A duo of researchers has found that farmers growing hybrid rice often exhibit a significantly higher economic return than those planting conventional rice varieties.
Researchers Lawton Lanier Nalley, an associate professor of agricultural economics at the University of Arkansas at Fayetteville, and his research assistant Nathaniel Lyman concluded that hybrid rice cultivars are found to have significant yield advantages over the best-performing conventional alternative.
“Evidenced by the price discount scenario, attempts to curb hybrid adoption to preserve the status quo will probably lead to large, statewide revenue losses,” the researchers wrote.
They also concluded that hybrid milling yields are the same, and in some cases better, than the milling yields of conventional varieties.
“The results presented here of the available experimental data on hybrid and corresponding conventional yields available in Arkansas suggest no reason to discount hybrid rice based on milling quality,” they wrote.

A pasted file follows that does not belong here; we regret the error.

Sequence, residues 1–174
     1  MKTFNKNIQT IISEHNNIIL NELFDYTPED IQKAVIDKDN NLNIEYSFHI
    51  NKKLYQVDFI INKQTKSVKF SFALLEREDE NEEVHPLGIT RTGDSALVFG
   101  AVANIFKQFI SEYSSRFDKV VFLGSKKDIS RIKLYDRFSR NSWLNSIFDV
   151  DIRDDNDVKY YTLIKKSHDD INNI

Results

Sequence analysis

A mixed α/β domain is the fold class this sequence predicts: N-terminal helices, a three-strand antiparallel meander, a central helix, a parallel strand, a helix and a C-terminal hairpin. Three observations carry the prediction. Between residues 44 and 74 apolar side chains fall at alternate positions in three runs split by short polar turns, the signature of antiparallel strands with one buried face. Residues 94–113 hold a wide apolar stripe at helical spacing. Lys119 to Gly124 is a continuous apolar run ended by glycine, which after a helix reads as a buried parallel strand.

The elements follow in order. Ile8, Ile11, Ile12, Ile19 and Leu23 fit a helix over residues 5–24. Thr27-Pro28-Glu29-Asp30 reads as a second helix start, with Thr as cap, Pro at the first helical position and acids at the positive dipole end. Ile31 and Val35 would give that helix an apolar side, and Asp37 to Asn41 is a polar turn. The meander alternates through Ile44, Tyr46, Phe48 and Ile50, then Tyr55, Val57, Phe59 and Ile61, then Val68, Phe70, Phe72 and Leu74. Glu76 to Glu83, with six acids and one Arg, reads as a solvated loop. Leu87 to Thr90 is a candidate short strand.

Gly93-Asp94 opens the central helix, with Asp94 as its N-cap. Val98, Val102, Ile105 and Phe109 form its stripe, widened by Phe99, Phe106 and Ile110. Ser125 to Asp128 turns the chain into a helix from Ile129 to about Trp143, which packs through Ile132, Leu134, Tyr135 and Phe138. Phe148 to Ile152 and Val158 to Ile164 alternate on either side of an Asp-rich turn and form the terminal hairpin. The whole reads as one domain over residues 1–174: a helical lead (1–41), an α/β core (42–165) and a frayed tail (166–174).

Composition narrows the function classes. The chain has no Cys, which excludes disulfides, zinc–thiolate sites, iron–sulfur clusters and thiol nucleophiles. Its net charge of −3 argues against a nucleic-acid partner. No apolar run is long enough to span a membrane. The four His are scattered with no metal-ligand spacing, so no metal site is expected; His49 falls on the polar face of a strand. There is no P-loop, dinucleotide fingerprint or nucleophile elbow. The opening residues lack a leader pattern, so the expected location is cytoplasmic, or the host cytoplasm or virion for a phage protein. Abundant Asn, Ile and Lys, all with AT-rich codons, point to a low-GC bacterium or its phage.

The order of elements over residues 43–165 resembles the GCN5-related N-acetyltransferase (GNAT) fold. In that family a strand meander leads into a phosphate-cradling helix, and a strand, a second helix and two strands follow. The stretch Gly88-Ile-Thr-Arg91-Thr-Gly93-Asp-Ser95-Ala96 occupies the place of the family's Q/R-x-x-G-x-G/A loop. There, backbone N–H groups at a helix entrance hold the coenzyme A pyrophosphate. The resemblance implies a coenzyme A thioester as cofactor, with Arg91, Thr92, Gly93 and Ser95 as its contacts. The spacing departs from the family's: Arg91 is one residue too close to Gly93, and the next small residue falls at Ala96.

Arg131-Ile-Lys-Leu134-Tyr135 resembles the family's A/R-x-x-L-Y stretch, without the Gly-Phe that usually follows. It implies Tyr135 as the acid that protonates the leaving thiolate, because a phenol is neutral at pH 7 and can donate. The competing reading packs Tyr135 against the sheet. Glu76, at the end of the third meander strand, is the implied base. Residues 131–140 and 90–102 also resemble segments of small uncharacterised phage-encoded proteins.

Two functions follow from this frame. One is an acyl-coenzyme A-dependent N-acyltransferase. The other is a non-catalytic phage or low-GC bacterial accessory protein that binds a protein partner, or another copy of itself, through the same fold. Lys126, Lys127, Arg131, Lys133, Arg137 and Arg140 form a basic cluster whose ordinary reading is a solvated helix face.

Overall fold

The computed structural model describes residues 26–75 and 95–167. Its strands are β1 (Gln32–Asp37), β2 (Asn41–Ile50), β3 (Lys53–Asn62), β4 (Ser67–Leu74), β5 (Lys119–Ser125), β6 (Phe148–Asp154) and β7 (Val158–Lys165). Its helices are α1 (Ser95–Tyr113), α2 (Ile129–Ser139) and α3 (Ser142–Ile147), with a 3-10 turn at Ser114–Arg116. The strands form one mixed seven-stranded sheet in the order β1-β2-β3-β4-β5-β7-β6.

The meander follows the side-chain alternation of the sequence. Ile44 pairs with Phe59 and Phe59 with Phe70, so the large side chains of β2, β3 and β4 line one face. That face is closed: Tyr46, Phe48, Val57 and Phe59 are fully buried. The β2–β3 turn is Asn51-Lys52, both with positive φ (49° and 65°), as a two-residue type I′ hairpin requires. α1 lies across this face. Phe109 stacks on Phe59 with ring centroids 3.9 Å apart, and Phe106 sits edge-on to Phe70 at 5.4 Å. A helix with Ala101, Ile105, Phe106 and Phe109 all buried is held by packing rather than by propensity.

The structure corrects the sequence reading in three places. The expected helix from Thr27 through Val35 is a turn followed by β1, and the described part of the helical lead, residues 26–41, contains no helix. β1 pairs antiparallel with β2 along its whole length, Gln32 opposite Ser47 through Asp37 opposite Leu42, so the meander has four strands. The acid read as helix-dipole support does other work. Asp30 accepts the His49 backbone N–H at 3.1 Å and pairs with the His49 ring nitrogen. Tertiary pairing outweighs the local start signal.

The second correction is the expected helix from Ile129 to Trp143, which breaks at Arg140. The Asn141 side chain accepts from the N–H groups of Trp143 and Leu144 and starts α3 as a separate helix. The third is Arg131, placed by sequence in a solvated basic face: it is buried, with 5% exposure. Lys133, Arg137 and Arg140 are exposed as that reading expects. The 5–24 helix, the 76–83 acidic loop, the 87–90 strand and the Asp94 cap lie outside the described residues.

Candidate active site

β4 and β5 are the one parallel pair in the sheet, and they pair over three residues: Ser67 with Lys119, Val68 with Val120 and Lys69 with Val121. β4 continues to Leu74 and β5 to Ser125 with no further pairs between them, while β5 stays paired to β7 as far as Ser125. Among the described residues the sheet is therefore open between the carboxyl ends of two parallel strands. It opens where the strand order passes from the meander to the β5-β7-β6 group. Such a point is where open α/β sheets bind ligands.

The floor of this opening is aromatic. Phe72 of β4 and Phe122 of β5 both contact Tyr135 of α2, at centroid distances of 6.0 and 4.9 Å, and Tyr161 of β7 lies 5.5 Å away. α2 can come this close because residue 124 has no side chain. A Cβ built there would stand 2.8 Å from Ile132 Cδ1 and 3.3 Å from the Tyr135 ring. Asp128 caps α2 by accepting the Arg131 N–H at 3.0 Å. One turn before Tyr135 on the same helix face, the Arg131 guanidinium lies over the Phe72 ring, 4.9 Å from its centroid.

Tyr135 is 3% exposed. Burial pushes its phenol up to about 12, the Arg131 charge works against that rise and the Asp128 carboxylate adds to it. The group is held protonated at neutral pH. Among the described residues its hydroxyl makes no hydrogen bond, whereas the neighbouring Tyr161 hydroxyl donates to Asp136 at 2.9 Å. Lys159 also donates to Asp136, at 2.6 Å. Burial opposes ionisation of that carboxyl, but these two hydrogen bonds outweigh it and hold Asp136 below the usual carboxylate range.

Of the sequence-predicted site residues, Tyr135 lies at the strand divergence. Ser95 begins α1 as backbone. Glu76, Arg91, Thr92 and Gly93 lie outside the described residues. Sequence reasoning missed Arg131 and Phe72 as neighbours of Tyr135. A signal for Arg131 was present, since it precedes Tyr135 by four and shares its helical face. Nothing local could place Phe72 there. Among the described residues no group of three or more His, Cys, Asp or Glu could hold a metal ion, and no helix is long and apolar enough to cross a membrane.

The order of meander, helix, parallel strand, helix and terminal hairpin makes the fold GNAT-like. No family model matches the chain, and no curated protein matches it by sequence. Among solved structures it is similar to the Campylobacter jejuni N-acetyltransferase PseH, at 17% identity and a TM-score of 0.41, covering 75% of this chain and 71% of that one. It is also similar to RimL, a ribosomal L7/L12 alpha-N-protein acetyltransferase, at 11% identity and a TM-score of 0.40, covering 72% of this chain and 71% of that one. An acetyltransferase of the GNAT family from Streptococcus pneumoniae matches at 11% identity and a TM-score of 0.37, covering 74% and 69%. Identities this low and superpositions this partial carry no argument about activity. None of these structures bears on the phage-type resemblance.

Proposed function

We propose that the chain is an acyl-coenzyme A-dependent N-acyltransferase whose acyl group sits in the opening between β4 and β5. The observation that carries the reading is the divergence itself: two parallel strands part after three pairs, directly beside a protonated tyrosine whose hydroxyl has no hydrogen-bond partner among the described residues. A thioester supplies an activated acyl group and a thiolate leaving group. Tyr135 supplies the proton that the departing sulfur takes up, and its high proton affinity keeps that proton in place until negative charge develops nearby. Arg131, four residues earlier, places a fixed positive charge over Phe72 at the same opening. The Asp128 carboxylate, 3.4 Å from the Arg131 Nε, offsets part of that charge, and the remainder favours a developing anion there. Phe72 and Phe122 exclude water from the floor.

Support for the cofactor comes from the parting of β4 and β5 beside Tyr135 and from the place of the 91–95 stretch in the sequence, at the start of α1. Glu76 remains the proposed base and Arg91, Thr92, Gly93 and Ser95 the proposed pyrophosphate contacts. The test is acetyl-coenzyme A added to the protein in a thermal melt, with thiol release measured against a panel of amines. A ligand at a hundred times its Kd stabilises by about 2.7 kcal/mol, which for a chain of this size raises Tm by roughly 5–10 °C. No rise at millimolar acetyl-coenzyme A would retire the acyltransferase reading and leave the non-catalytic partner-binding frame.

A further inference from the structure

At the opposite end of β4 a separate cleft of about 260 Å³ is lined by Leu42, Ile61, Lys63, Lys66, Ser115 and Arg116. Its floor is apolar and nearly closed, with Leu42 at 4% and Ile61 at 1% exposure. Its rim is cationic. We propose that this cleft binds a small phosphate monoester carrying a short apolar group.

The pair compared the economic risks and returns of three popular hybrid rice varieties: XL723, Clearfield (CL) XL729, and CL XL745; and eight conventional varieties: Cheniere, CL 142-AR, CL151, Francis, Roy J, Taggart, Templeton, and Wells. They used experimental test plot data from 2006 to 2010.
Nalley and Lyman’s findings have been recently published in Agronomy Journal, a publication of the American Society of Agronomy.